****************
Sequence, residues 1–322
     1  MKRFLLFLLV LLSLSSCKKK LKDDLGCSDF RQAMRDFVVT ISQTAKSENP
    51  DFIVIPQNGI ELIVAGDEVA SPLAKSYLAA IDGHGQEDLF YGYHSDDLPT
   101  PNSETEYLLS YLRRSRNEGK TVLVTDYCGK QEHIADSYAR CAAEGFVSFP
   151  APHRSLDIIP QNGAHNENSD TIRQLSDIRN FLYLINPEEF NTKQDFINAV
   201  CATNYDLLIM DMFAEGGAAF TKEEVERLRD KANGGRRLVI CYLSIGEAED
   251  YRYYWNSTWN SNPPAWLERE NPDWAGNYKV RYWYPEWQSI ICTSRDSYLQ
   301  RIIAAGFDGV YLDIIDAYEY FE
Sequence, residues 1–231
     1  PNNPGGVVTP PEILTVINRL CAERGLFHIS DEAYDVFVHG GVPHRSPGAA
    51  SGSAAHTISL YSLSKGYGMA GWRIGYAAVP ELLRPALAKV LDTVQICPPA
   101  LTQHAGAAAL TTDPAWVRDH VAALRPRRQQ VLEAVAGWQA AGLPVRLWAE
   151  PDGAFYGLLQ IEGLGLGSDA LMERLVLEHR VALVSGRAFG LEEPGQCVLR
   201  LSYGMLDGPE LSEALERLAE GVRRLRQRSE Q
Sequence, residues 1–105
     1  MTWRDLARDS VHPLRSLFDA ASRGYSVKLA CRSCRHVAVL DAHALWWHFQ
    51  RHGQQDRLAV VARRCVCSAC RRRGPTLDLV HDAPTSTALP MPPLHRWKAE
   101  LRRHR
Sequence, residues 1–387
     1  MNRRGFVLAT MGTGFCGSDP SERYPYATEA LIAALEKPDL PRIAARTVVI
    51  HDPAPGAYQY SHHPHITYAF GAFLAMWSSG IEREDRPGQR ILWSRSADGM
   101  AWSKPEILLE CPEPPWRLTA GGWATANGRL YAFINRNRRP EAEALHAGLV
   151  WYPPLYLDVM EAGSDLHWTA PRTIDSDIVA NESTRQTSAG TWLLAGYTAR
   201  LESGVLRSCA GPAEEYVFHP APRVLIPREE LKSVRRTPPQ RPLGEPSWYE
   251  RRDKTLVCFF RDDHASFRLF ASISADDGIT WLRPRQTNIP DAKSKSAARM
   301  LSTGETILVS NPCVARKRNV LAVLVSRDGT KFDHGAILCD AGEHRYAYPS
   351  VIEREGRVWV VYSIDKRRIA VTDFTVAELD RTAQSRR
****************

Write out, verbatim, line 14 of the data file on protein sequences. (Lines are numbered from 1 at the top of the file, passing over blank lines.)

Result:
   201  LSYGMLDGPE LSEALERLAE GVRRLRQRSE Q